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 News Release Article By Kit Menkin

Reprinted from – May28, 2010

I should have called Lease Police!

by Christopher Menkin


It is difficult to get across to funders the value of a vendor report by Lease Police.  The report only costs $3.25, but just one report can save a funder hundreds of thousands of dollars in one simple click of the mouse. 


Some of the most valuable information in every LeasePolice report is actually provided by other subscribers.  While there are other information sources being used by the leasing industry such as D&B and Equifax Business Reports, is the report specifically designed and devoted to the leasing industry.  While D&B can offer many data points, it relies heavily on information submitted by the actual firm actually being investigated leaving it vulnerable to manipulation.  The Equifax Business Report uses more independently obtained data, but provides no very little information that helps determine whether the vendor will serve as a reliable and trustworthy supplier of equipment to a funder’s lessees.  


Perhaps at one time "fraud" was considered a small ticket lease problem, but with recent events including Equipment Resource Acquisition that caught ICON Capital for $25 million or Fifth Third Bank, $10 million,  Funders are learning that fraud is not only a small ticket problem.  All of these fraudulent transactions could have been spotted and eliminated for the cost of $3.25 LeasePolice report.  In most of these frauds, the firms involved had extensive D&B and Experian Business reports; however had them identified as a problem from almost the first moment they started applying for credit.


How can LeasePolice identify these fraudulent vendors and lessees before the competition?  It is real simple: the other data sources approach each report as if the firm in question is applying for simple net 30 terms.  Their only anti-fraud screens are verifying incorporation information, office location checks, etc…  They do not notice the subtle patterns that all frauds exhibit and they get virtually no input from their subscribers.  By using, you are tapping into the collective knowledge of over 200 banks and lease funding companies as well as countless independent brokers.  If one of those companies discovers any improper action by a lessee or vendor, it is easily reported by’s online interface.  Just ask yourself, are you smarter than the collective knowledge of that many industry professionals?  In most instances, the answer is no.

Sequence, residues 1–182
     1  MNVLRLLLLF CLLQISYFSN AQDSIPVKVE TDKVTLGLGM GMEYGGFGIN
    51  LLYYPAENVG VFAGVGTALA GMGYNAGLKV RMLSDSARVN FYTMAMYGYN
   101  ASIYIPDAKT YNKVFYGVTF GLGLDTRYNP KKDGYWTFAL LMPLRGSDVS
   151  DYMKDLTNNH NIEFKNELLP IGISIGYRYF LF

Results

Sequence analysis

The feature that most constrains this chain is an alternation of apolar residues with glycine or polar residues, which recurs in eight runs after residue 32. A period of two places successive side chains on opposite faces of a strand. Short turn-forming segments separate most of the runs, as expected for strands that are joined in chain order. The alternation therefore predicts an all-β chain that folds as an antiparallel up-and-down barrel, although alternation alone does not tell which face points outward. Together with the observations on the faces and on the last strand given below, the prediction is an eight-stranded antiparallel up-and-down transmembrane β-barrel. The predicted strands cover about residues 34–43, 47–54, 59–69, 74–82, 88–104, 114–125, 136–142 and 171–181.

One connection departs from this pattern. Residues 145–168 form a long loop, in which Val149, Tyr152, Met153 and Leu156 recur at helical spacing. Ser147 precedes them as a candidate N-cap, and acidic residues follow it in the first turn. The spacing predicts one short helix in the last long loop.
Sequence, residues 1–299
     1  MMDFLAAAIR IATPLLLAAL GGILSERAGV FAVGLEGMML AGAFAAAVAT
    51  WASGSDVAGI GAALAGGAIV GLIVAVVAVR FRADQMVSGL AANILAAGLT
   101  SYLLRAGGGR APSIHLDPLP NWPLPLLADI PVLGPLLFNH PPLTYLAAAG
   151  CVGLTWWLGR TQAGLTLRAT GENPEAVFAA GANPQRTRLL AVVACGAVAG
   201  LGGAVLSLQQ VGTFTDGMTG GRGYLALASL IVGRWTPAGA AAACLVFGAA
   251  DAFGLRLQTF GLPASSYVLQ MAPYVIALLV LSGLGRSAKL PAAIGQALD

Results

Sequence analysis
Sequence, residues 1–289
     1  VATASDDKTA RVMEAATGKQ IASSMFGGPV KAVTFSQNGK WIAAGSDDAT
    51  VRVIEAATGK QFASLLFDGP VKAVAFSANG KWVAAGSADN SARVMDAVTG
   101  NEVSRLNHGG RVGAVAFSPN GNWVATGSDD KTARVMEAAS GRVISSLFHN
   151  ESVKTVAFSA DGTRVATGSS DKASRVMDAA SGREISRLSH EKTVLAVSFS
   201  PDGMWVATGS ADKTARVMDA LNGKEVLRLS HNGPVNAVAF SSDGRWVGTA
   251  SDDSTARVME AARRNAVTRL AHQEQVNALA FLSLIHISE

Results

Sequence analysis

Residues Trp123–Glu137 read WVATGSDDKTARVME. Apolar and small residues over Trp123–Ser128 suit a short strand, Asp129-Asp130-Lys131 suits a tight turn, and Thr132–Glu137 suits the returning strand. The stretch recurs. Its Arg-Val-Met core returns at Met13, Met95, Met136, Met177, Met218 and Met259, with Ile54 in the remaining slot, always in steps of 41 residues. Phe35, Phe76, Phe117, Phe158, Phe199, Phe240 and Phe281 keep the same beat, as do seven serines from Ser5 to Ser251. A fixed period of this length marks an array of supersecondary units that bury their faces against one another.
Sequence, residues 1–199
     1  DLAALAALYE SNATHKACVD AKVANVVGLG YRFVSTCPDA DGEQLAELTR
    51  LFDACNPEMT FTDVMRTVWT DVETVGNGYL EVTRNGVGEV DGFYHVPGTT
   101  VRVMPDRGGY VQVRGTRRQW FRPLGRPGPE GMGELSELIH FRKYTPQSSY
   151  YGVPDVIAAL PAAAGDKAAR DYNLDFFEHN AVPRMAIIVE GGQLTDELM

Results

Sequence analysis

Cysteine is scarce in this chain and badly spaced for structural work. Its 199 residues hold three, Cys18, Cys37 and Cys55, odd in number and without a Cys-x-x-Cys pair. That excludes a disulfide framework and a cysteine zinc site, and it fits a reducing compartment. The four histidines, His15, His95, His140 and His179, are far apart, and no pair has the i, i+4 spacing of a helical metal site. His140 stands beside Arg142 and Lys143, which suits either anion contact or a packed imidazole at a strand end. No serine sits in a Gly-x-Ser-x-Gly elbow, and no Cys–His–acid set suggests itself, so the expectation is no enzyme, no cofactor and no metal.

In all the recent frauds, the key to finding out what the real story is focusing on the vendor.  Unlike D&B and Equifax Business Report, is the only data source that tracks portfolio losses by vendor.  The accumulation of data indicates vendors/suppliers that have a higher incidence of producing leases and loans that default (due to non-payment).  These vendors may be fraudulent and usually they will have an alert issued on them or they may be a legitimate vendor who just produces a lot of bad deals.  Either way, you can easily avoid them with LeasePolice.


When Bernie Boettigheimer, CLP, retired on April 28, 2006, he had in the back of his mind the experience he learned when he first started out for Dun & Bradstreet when he was a kid, and after corporate roles, got into leasing and realized most of the problems were tied to the sellers of the equipment. He had this idea of developing software that would provide information solely on vendors who sold to leasing companies.  Experience had taught him that the vendor quality is just as important component to a successful deal as lessee/debtor quality.  It took him two years to get the program up and running, and another couple of years to reach the plateau he has today.   The LeasePolice report also ties in credit information that independently verifies the vendor’s time in business, web presence, organizational formation, ownership, information from other leasing companies, leases that have defaulted that originated from that vendor, as well as any complaints that Lease Police investigates them.


He also has a large number of non-subscribers who call him with information, and has developed an extensive list of vendors that provide invoices for disguised "sale/leasebacks" or for equipment that does not exist.  In the span of a few years, he has become the unofficial nexus of information on almost any fraud discovered in the leasing industry. Considering that all this can be obtained at the cost of 1/10th of a D&B, Paynet or Equifax Business report, it gives any funder an incredible value.  Do not be a funder who saved $3.25, but now has a large uncollectable receivable.  The price is too cheap to ignore.



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